I’m guessing most of us don’t envy the US Census Bureau’s job that occurs every 10 years: Advertise to every single household in the United States with the goal of a 100% participation rate.
Even with a $140 million advertising budget, this still seems daunting.
Sure, there’s been criticism of some of the Census ads—their “Snapshot of America” mockumentary ads (brought to you by the “Best in Show” and “A Mighty Wind” director) were knocked for appealing to a narrow audience. And for being too subtle or kooky if you’re trying to persuade millions of Americans to cooperate with the federal government’s population count. (I personally loved them but it’s my type of humor.)
But the Census Bureau is using a lot of other interesting communications tools that you might not have heard about. And like everyone else, they’ve evolved over these past 10 years given the changing media landscape. I had the chance to speak the Census Bureau’s spokesperson Steve Jost on what’s changed since 1990 and 2010.
First, some background. As always, in addition to the general public, they’re targeting traditionally hard-to-reach groups: youth; linguistically isolated; underserved communities (socially and economically) and the homeless.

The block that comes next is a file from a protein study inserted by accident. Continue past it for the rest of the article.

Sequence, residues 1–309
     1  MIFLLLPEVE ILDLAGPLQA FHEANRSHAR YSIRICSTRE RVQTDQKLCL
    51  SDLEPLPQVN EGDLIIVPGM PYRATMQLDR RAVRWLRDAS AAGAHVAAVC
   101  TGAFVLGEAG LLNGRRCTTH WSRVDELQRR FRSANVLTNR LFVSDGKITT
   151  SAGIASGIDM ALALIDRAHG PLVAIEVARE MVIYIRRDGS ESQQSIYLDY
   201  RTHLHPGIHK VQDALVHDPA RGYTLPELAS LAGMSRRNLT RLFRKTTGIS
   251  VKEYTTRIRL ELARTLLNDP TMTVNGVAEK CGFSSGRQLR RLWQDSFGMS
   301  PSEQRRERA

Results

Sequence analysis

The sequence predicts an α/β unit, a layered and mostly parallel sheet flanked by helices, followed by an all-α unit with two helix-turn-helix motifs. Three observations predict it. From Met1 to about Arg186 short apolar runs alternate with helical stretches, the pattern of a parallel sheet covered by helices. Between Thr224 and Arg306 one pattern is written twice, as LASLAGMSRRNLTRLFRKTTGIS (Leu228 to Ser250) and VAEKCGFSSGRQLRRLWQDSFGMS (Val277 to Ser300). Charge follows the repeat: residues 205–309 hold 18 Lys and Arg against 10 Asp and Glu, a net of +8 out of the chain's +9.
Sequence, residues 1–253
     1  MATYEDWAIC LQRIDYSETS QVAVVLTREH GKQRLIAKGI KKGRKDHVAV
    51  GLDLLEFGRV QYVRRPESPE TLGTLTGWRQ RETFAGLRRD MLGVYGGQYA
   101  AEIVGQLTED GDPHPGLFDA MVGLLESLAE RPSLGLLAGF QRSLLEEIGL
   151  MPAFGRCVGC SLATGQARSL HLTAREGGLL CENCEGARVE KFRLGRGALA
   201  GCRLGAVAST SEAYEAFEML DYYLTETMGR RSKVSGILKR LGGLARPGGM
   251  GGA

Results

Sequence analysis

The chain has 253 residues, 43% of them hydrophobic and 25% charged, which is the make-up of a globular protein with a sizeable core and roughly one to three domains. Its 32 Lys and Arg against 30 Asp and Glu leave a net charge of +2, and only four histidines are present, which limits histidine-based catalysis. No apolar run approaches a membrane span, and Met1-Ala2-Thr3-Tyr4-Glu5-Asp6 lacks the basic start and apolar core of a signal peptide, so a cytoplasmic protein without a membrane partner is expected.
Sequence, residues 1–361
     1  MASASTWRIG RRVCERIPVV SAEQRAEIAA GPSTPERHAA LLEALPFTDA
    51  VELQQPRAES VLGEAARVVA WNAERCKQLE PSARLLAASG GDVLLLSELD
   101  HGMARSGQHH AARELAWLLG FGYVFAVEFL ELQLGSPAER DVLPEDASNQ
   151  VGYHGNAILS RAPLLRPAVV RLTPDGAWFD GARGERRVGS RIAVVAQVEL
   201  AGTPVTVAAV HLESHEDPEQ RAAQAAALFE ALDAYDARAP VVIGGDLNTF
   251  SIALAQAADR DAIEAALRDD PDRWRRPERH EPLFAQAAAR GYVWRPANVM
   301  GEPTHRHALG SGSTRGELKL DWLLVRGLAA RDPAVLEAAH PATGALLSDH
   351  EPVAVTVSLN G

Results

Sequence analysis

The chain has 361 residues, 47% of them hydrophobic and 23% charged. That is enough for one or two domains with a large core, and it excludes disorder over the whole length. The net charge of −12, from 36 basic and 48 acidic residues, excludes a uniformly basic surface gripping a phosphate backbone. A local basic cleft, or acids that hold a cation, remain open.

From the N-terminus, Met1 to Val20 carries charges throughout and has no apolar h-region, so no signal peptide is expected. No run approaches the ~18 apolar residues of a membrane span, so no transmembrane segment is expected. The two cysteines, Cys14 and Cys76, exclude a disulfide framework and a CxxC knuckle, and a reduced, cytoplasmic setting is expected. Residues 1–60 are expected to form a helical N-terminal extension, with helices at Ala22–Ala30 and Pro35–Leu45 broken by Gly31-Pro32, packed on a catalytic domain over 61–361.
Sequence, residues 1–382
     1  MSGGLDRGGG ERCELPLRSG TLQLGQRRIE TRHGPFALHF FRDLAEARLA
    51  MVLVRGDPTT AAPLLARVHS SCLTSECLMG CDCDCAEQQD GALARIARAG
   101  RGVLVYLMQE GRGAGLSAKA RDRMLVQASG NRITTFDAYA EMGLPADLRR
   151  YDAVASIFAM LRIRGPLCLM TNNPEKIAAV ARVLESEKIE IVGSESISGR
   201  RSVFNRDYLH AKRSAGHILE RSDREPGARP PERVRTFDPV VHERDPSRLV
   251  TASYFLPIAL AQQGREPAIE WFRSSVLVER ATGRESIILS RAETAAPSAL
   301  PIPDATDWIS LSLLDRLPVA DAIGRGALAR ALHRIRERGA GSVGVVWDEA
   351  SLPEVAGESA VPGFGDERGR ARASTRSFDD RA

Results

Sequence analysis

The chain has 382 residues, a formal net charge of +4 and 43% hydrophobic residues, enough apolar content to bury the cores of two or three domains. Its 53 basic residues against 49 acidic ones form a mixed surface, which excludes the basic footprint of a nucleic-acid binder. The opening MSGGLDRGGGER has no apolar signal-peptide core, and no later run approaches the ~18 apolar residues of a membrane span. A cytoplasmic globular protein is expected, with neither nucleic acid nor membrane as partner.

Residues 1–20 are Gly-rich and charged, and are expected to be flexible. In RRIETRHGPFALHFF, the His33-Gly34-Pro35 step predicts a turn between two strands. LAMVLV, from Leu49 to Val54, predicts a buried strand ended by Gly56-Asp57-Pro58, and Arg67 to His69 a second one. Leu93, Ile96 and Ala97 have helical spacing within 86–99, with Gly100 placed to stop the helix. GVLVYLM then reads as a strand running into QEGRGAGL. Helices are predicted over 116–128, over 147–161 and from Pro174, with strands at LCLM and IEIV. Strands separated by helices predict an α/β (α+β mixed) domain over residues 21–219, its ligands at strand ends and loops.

Working with 12 ad agencies that specialize in outreach to undercounted populations, the Census has a $140 million total advertising budget. Sixty million will be spent to reach the general population (84% of Americans) and $80 million will be spent to reach undercounted populations (16%).
They launched their campaign in mid-January and go dark on April 22, ending their “Motivation” phase (that’s where they urge everyone to fill out the form). They’ll then come back on May 1 in the “Non-Response Follow-Up Phase” where they’re going door-to-door to track down people who didn’t fill out their form. By mid-July, they’re done!
So what’s changed from ten years ago? As we all know, it used to be just the major and newspapers. Now, there are gazillions of channels across so many media channels–YouTube, Itunes, Facebook, My Space, Twitter, etc. They also face DVR/TIVO challenges and an explosion of cable stations. They have to be everywhere—so, the Census Bureau has a twitter feed, Facebook and MySpace pages, Flickr and YouTube channel. Also, this time, their website is much more user-friendly and interactive.
What else is new? The Census Director has a blog and comments are enabled, which is uncommon for the Federal Government. (And do people like to complain! “why send reminder notices?” “can you make the return envelope pink”? “can I be removed from your mailing list?”) To their credit, the Census Bureau is patiently answering all reasonable questions which is admirable.
In my next post, I’ll talk about how it’s all working out and the success of their advertising campaign, so stay tuned. And mail in your census form if you haven’t yet!